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volcano  RSS feed

 
pollinator
Posts: 4437
Location: North Central Michigan
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I can't really remember much about how mt st helens affected us..they say we had really cold weather..but i just can't remember..but now they are saying that the new volcano eruption in iceland could mean really cold weather for several years..cold summers, and cold winters..

we had a really cold summer and our coldest winter in 80 years..last summer and the winter before..here in Michigan..so I know how it affected our crops..

we had really good cold weather crops and the things in the greenhouse did OK but not great..but i do remember that my squash, cukes and melons didn't grow at all and the winter squash put on only a few small squash..

so i'm thinking..if they are right on the forcast of the volcano..maybe i need to be thinking "hoop houses" and more cold frames..and definately need to get that greenhouse moved..

any vocano comments or knowledge of how it should affect us would be appreciated.
 
pollinator
Posts: 239
Location: Northern New Mexico, Zone 5b
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The Eyjafjallajokull eruption has been pretty small so far.  It is mainly in the news because of the jet stream taking the ash over Europe.  Although, if it ciontinues in earnest the sulfur dioxide could cause a little cooling haze in the region (Scandanavia and Europe).  In 1783 the Laki eruption in Iceland caused problems in Europe, but that eruption was much, much bigger.  It was several times bigger than the 1991 Pinatubo eruption which caused about a 0.5 C cooler year and was much bigger than the current iceland eruption.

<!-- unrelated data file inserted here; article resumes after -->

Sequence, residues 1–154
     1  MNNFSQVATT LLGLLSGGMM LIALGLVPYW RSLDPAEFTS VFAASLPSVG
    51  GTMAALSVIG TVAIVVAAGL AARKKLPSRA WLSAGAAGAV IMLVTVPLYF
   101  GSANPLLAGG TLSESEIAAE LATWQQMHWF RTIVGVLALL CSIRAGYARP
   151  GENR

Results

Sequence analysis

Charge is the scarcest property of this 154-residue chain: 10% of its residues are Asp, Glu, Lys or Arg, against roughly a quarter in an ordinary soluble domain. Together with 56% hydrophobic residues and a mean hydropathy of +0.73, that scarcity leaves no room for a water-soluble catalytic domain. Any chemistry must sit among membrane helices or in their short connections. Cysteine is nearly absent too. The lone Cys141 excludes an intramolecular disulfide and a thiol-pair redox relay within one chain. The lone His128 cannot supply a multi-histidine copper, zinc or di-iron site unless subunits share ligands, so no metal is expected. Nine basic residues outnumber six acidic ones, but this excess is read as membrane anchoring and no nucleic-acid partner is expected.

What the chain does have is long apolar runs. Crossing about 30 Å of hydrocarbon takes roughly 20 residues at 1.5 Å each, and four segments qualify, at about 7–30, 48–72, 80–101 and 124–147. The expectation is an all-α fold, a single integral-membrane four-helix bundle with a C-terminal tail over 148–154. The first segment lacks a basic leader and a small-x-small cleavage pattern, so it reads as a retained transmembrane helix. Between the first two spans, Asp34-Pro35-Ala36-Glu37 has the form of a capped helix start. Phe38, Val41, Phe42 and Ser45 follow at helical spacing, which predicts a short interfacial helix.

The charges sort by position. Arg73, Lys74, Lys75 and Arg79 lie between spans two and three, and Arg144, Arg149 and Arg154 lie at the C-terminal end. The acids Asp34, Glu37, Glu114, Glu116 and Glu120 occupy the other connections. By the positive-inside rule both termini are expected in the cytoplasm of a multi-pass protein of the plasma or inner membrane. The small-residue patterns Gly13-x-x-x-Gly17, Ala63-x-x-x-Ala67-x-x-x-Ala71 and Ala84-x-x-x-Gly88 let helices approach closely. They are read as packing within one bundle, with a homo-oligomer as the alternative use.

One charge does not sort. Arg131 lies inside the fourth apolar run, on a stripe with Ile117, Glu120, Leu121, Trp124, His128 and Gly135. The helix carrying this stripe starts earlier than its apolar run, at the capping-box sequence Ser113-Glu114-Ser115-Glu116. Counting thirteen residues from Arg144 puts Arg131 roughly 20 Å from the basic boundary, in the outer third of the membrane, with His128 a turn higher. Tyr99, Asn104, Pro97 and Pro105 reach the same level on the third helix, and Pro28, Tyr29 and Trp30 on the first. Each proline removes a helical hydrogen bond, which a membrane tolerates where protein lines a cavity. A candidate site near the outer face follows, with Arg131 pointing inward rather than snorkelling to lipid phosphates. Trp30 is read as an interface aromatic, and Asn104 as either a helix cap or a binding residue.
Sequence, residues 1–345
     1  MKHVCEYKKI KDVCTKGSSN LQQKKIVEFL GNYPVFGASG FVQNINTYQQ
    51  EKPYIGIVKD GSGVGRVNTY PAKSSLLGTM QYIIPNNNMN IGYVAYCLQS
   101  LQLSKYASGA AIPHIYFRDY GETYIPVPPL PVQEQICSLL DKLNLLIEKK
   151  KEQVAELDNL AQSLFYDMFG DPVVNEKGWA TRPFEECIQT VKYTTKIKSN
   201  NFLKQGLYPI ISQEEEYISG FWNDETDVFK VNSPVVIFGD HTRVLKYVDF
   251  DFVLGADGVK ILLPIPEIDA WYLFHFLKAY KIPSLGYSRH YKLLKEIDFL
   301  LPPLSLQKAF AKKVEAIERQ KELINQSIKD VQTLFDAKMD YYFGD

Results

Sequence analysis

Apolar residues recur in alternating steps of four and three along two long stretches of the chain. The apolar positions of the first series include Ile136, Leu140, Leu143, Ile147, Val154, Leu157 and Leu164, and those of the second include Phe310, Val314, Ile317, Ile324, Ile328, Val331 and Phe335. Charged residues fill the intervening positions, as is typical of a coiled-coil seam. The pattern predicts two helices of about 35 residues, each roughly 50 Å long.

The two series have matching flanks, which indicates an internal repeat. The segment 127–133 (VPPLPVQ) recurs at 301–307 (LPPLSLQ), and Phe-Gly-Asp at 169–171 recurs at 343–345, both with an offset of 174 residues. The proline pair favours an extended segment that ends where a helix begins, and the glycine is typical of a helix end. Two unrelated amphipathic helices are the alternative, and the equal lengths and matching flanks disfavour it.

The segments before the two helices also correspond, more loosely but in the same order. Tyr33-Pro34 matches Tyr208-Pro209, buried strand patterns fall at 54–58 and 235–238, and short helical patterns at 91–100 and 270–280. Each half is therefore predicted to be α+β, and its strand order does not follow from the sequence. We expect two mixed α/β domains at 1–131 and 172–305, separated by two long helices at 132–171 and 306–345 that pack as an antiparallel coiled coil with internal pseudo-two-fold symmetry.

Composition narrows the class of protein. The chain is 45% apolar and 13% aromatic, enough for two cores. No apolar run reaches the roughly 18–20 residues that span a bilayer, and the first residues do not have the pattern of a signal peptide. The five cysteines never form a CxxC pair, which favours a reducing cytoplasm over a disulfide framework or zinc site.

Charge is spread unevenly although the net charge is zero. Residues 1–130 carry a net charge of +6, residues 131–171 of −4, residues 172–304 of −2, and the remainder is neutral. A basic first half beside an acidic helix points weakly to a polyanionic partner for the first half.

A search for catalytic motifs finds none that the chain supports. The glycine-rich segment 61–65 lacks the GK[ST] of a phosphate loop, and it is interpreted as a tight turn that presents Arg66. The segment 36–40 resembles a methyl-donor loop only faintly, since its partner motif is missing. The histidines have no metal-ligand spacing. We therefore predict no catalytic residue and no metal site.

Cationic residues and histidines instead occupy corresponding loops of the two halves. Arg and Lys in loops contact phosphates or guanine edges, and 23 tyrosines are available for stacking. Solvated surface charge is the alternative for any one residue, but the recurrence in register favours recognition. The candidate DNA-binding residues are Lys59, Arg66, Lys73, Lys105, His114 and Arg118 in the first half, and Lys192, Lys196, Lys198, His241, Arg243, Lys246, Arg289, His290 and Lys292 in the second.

In the last year or so there have been eruptions just as big and larger in the Alutians and Kamchatka.  The ash plumes of those eruptions were easy to avoid so didn't make the news.  Add on top of those, the continuous eruptions of Etna, Erebus, Kilauea, and a few others each of which give off thousands of tons of SO2 per day.  And then there are a host of volcanos that have sporadic eruptions.  I would put the current eruption in this category of baseline eruptions that are always occuring and don't affect climate individually.

In the 90's I did volcanology work (measuring gas plumes, collecting samples, and loads of lab work), but couldn't stomach going on for a PhD so I moved on.  It was a lot of fun and these eruptions still pique my interest.  Sometimes we need to be reminded that nature can and will mess with human plans.
 
pollinator
Posts: 1109
Location: Green County, Kentucky
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There might be some concern, though, if the neighboring larger volcano erupts (Katla).  I was just reading reports that Katla is showing some signs of 'waking.'  Guess we'll see what happens.  I do have plastic row cover for the garden, but need to get the greenhouse plastic to cover my hoop house frame.  Our climate is prone to frosts at any time during the year, even in mid-summer, so even a slight cooling of the atmosphere could have adverse effects here.

Kathleen
 
Posts: 418
Location: Eugene, OR
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    Hmmm... might drive the temps back down for a few years...
 
Posts: 122
Location: Sacramento